From 1817 to 1822, Comte was secretary to H. de Saint-Simon. Subsequently, he became an examiner and tutor at the École Polytechnique in Paris. Later he lived on funds collected by his followers. His main writings, which were produced during the early period of his career (up to the mid-1840’s), laid the foundation for positivism. He is most famous for his Course in Positive Philosophy (vols. 1–6, 1830–42; Russian translation, vols. 1–2, 1899–1900).

Comte considered positivism the middle road between empiricism and mysticism. In his opinion, neither science nor philosophy could or should raise the question of the causes of phenomena; they were to deal only with how things took place. Thus, Comte argued that science can know only the appearance of things, not their essence. Following Saint-Simon, he developed the idea of the three stages of the intellectual evolution of mankind and of each individual. These stages determined, in the final analysis, the entire development of society. In the first, or theological, stage all phenomena are explained on the basis of religious ideas. In the second, or metaphysical, stage essences and causal factors discovered within things replace supernatural factors in the explanation of natural phenomena. The task of this stage is a critical and destructive one that prepares for the final, positive, or scientific, stage. At this point the science of society emerges and contributes to the rational organization of society. Comte’s sociology may be divided into a social stasis that deals with the stable or “natural” factors in the existence of any social structure and a social dynamics that involves the natural laws of social development. His system devotes considerable attention to the classification of the sciences, which are placed in a hierarchy of decreasing abstractness and increasing complexity.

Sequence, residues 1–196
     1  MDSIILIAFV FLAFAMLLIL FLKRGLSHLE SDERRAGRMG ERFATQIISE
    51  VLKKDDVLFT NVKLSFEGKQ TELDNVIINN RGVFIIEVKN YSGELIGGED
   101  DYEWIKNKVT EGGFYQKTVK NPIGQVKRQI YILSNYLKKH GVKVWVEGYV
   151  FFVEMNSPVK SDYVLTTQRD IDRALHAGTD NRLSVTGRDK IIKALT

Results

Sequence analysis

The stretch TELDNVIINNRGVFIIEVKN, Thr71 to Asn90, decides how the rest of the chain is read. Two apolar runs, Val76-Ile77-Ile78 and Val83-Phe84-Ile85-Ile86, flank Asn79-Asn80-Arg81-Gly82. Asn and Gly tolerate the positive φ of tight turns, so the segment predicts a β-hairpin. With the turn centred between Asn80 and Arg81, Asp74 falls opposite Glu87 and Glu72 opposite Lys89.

The basic work of the second period of Comte’s career was his System of Positive Polity (vols. 1–4, 1851–54), which is imbued with religiosity and mysticism. In Comte’s opinion, sociology is a kind of “social physics” which ought to provide the basis for a scientific politics that reconciles the principles of order and progress, restoration and revolution. Thus, sociology is a “positive morality” that is related not to the individual but to humanity. Comte announced the creation of a new “religion of humanity” whose cult and catechism he described in detail.

Comte’s sociological and political ideas were severely criticized by Marx and Engels (Soch., 2nd ed., vol. 33, p. 138; vol. 39, pp. 326–27). His positivist ideas became very popular among naturalists in the 19th century, chiefly through their exposition in the works of E. Littré (France) and the English positivists J. S. Mill and H. Spencer.


In Russian translation:
Dukh pozitivnoi filosofii. St. Petersburg, 1910. [Works and extracts] In the collection Rodonachal’niki pozitivizma, issues 2,4,5, St. Petersburg, 1910–13.


Kedrov, B. M. Klassifikatsiia nauk, vol. 1. Moscow, 1961. Pages 99–141.
Kon, I. S. Pozitivizm v sotsiologii. Leningrad, 1964.
Mill, J. S. A. Comte and Positivism, 2nd ed. London, 1866.
Lévy-Bruhl, L. La Philosophie d’A Comte. Paris, 1900.
Ostwald, W. A. Comte: Der Mann und sein Werk. Leipzig, 1914.
Mauduit, R. A. Comte et la science économique. Paris, 1929.
Reiche, K. A. Comtes Geschichtsphilosophie. Tübingen, 1927.
Gouhier, H. La Vie d’A. Comte, 3rd ed. Paris, 1931.
Gouhier, H. La Jeunesse d’A. Comte et la formation du positivisme, vols. 1–3. Paris, 1933–41.
Lacroix, J. La Sociologie d’A. Comte. Paris, 1956.
Arbousse-Bastide, P. La Doctrine de l’éducation universelle dans la philosophie d’A. Comte, vols. 1–2. Paris, 1957.
Steinhauer, M. Die politische Soziologie A. Comtes. Meisenheim am Glan, 1966.


The Great Soviet Encyclopedia, 3rd Edition (1970-1979). © 2010 The Gale Group, Inc. All rights reserved.